Howto: Enable Receive Packet Steering (RPS) on Linux 2.6.35

We run a high bandwidth Tor exit node on a Gbit connection. Unfortunately, the NIC by our hoster doesn’t support MSI-X to distribute interrupt load across all cores. The latest linux kernel 2.6.35 adds a mechanism called Receive Packet Steering:

[quote]This patch implements software receive side packet steering (RPS). RPS distributes the load of received packet processing across multiple CPUs.
Problem statement: Protocol processing done in the NAPI context for received packets is serialized per device queue and becomes a bottleneck under high packet load. This substantially limits pps that can be achieved on a single queue NIC and provides no scaling with multiple cores. ([url=] Software receive packet steering[/url])[/quote]
What took us a lot of time to figure out: /proc/interrupts still shows only CPU0 is used for NIC interrupt handling, even with RPS enabled. If you want to find out whether RPS is working, you have to look at /proc/softirqs instead (eg. with watch -n1 cat /proc/softirqs):

                CPU0       CPU1       CPU2       CPU3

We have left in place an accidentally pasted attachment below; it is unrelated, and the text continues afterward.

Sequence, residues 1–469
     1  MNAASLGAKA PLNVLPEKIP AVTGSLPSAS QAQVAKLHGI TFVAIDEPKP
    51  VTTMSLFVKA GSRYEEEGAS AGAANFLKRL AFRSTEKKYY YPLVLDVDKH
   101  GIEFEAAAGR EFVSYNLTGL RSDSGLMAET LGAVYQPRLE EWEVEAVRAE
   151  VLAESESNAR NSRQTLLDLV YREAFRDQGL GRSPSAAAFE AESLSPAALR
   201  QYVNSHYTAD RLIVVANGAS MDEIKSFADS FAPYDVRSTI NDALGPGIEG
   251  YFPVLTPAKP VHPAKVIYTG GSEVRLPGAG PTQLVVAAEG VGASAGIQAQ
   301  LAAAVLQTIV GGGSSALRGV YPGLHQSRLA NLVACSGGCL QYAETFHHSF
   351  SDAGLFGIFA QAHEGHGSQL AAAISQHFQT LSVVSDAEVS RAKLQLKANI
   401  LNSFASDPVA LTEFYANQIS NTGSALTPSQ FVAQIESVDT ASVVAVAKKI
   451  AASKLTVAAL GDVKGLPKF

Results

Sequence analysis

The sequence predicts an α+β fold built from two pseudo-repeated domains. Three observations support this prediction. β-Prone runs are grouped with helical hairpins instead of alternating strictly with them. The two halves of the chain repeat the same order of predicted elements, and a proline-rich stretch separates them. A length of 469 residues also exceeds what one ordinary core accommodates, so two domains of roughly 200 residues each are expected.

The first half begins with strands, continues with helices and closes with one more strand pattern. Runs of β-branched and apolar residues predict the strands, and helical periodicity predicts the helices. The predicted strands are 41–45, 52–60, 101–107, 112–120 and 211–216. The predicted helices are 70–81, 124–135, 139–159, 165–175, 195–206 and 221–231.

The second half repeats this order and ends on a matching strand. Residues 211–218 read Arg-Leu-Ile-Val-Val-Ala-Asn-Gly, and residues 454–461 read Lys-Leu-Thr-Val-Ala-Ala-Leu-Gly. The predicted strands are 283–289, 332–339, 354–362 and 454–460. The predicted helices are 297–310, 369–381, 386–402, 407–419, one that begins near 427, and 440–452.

HI:          0          0          0          0
TIMER:  480622794  476948579  460999919  467641124
NET_TX:   25311134   27075847   27513332   27307975     <-----
NET_RX: 1388399338 4191697027 1491556667  627387845     <-----
BLOCK:    4632803          3     315726         29
BLOCK_IOPOLL:          0          0          0          0
TASKLET:         21          4          8          2
SCHED:  154913375  158601463   97907175  200790209
HRTIMER:    1576760    2361409    1330088    1545921
RCU:  421549961  407634645  405460584  415147363

In our case, we had to specifically enable RPS:

# cat /sys/class/net/eth0/queues/rx-0/rps_cpus
# echo f > /sys/class/net/eth0/queues/rx-0/rps_cpus
# cat /sys/class/net/eth0/queues/rx-0/rps_cpus

I have added the echo line to /etc/interfaces to set it on each boot ("up ...").

More Information

  • [url=] rps: Receive packet steering[/url]
  • [url=]Google Group Redis-DB: better multi-core functionality via per-process shared memory queues[/url]